Believe it or not, it takes roughly a century for the ceaseless efforts of water droplets to build one cubic inch of limestone. In other words, it takes about 1,000 years to create something the size of a deck of cards.
Incredibly, time and nature have made exquisitely intricate formations that include stalactites, stalagmites, soda straws, columns, flowstones, and even terraced pools. At some point, the ranger may turn off the lights and in the complete and total blackness, the steady rhythm of droplets informs you how these caverns were created over millions and millions of years. For an even bigger thrill, stay overnight at the park’s campground and return for a flashlight tour of the cavern. First rate.
After some time spent spelunking, now’s the time to expand your reach. If you travel to Graceville via Highway 231 in addition to the peaceful sight of rolling hills, pastures, farms, and fields you’ll eventually see Nan’s Country Store (4130 Highway 231, 850/352-1118). Because it’s in the middle of nowhere, it manages to be the center of attention. This roadside store is filled with everything tourists (and locals) crave: cider, honey, homemade sauces, pickled eggs, pecan logs, boiled peanuts and much more.
At Campbelltown (“The Gateway to Florida” is 20 miles south of Dothan, Ala.), turn left. When you start to see well-kept homes highlighted by yards typical of Southern Living, you’ve arrived in Graceville. There are two places to visit, and each is wonderful in its own way.
The first is Service Drug Store. Here since 1906, it is still a drugstore that, in addition to the old-fashioned soda fountain (great malts!), a high-fashion showroom is filled with stylish apparel for ladies.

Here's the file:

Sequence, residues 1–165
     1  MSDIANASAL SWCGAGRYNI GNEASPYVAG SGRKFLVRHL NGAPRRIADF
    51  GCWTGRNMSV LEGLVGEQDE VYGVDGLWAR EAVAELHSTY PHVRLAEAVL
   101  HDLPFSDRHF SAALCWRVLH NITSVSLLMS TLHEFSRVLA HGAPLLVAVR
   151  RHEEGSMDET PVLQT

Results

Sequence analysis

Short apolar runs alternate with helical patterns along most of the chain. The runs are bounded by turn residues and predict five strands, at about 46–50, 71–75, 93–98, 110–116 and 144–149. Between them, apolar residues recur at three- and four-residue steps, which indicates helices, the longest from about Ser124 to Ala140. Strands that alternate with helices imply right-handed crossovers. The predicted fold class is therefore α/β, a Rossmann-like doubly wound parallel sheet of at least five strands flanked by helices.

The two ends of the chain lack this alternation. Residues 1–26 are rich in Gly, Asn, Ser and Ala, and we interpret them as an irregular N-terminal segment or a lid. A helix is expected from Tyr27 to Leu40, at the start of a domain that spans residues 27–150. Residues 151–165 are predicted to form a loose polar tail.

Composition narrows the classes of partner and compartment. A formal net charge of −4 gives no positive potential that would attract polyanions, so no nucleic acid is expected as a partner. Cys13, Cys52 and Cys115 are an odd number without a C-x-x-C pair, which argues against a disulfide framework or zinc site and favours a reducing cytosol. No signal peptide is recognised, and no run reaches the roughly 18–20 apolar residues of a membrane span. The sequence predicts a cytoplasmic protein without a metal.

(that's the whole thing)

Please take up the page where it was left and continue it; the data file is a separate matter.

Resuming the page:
The other sight to see is the Heritage Village on the campus of the Baptist College of Florida. Displayed on Jernigan Commons, the wonderful collection of historic structures includes a one-room schoolhouse, several Baptist churches, and the relatively ornate Carlton House. A private campus, you’ll need to call in advance to arrange a tour (850/263-3261).
Named in honor of Dr. Walter Robert Sneads (although it sounds like it was named by Dr. Seuss), this is the home of the Three Rivers State Park (850/482-9006). Here the Chattahoochee and Flint rivers converge to form Lake Seminole, which then flows into the Apalachicola River. A 100-foot pier attracts anglers while forest trails lead through a mix of pine and hardwoods. Campsites and cabins, a boat launch, picnic areas and pavilions make this popular for day guests and overnight visitors.
It’s unusual when you reach a town where the most notable thing to see is the name of the town itself. But for fans of Old Florida, there’s no place like Two Egg, located 15 miles northeast of Marianna. Legend has it that the name of this unincorporated area came about during the Great Depression when some farm kids would take two eggs to the general store to barter for something they needed. Pretty soon their trading caught the attention of travelers and the name Two Egg stuck. A picture by the town signpost makes a great souvenir. FYI: Academy Award winner Faye Dunaway was born in Two Egg and raised in neighboring Greenwood, which in part explains her success.
As you explore Jackson County for things to do near Marianna Florida, you’ll notice farms sprinkled across the land. Some have created sideline businesses by selling fresh pre-picked produce – and some welcome visitors to pick their own products and shop small markets selling certified organic produce. Call ahead for hours, seasons, what they grow, what’s ripe, and what’s ready.
Fox Hollow Vineyard Muscadines
Lady’s Strawberry Farm
Lee’s Tree Farm
Veitch’s Blueberry Farm
Great Florida Birding Trail
Jackson County features four sites designated on the Great Florida Birding Trail: The Upper Chipola River Water Management Area; Florida Caverns State Park; the Chipola River Greenway – Butler Tract; and the Chipola River Greenway – Hinson Conservation and Recreational Area. Among the permanent and visiting species are red-winged blackbirds, cowbirds, grackles, rusty blackbirds, hawks, king rails, purple gallinule, winter wrens, brown creepers, and more than 20 species of warblers.
For upcoming events and festivals, visit Jackson County Events.
When you go…
Jackson County Tourist Development Council